We’ve all been anxiously awaiting to find out what the Patient Protection & Affordable Care Act (aka “Obamacare”) will mean for all of us in terms of health insurance prices. And finally, there is some news to pay attention to, in the form of actual prices released by the nation’s largest state.
California just released expected premium rates for its newly implemented individual health insurance exchange, Covered California, which will start (like all state exchanges) at the beginning of 2014.
And as many have predicted, there is some SERIOUS sticker shock for consumers. However, it’s not in the way most expected.
Premiums are coming in at rates that range from just 2% above to 29% below premiums currently offered to small group rates for comparable coverage for what Covered California expects to be its most commonly enrolled plan.
And this is prior to any of the subsidies available to lower income individuals being applied that would offset those premiums (subsidies paid for through an increased Medicare tax on incomes over $250,000).
Here is a chart of what the prices look like for the “silver plan” compared to 2013 group plan averages (on the right):
The “silver plan” (70% of non-preventative costs covered after a $2,000 deductible is met, up to a maximum out of pocket of $6,400 for individual and $12,800 per family) is pretty darn generous as far as benefits go. There are other plans, including a cheaper “bronze” plan and unsubsidized “catastrophic plan” available to those under age 30 that compare more directly to what we commonly know as high deductible health plans. There is a cost-estimate calculator, but it is only estimating silver plan costs at the moment.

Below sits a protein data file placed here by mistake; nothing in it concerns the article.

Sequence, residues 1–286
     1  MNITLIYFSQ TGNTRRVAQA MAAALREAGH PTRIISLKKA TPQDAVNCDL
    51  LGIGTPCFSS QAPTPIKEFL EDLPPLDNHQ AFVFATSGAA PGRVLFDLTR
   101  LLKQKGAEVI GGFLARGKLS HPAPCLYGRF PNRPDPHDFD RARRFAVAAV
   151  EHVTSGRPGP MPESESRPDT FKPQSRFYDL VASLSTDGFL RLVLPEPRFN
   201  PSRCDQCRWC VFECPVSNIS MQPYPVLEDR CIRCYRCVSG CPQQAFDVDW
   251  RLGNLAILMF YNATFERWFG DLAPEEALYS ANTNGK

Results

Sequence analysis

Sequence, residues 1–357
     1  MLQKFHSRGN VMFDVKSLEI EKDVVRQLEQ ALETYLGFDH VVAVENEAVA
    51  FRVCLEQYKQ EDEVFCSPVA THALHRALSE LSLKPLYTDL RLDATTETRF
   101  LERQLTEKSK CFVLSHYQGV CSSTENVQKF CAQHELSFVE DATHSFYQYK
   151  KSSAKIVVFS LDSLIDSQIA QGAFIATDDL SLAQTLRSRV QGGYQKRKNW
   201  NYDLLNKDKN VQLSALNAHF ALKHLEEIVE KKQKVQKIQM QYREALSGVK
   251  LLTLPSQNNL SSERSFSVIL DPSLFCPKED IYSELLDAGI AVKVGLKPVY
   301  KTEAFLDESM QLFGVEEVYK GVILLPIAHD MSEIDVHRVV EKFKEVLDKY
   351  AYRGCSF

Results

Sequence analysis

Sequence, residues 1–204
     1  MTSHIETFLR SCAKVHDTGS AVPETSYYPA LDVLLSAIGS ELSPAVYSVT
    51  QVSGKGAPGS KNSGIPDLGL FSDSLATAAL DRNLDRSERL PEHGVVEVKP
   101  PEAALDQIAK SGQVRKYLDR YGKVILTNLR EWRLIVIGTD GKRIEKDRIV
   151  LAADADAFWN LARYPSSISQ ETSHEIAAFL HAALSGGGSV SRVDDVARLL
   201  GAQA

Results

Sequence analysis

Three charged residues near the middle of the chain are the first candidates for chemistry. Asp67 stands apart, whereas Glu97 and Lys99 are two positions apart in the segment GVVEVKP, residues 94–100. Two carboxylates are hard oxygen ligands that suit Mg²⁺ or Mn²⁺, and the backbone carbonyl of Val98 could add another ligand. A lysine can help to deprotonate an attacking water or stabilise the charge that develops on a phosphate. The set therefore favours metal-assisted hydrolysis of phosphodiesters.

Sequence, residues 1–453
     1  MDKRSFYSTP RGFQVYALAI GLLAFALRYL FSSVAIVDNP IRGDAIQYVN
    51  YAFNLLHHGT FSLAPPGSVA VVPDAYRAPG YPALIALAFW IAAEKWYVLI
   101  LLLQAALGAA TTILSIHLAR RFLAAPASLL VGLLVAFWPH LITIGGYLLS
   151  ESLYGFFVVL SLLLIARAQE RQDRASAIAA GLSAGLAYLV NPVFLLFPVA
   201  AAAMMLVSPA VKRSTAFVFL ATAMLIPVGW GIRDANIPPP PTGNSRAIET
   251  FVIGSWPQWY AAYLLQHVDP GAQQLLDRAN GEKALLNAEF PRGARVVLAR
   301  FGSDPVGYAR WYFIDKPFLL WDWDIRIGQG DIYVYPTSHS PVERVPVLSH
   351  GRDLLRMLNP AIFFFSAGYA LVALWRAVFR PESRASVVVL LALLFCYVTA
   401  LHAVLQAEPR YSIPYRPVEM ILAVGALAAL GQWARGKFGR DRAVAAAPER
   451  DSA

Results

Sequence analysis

What this Means for you?
1. Prices are lower than expected: and that’s a good thing.
2. Remember, this is for individual health insurance: prices in state exchanges won’t reflect any plans that you have through your employer.
3. You can still buy outside of the exchange: if you don’t find a plan that you like in the public exchange, you can still shop with individual insurers and private exchanges. Indeed, if you are young and healthy, you should definitely shop around to see what prices you can get. You are only eligible for subsidies if you purchase your insurance through a public exchange, however.
4. Your prices, by state, may vary: California was “all-in” in making their health exchange work, by all accounts. 33 insurers applied, but only 13 with the lowest prices were accepted to the exchange. Other states have not embraced the changes as wholeheartedly, and many have opted to have the federal government run their exchange. How this will impact prices in your state remains to be seen.
California does boast some of the highest costs across the board in every cost of living category, including health care. So if you are anywhere but California, these prices come as good news.
Uninsured individual percentage rates vary by state and competition from insurers to win new customers on the exchanges will have a huge state-by-state impact.
This story is just beginning and it is waaaaay to early to celebrate, but if the 16.7% of population who could not previously afford health insurance now can with subsidies, those who were being hammered by pre-existing conditions can now afford reasonably priced insurance, and most of the rest of us will actually see lower rates and more contained health care inflation, then maybe it’s hard to see much negative.
Meanwhile, if it fails, we can always hold on to hopes for single-payer.
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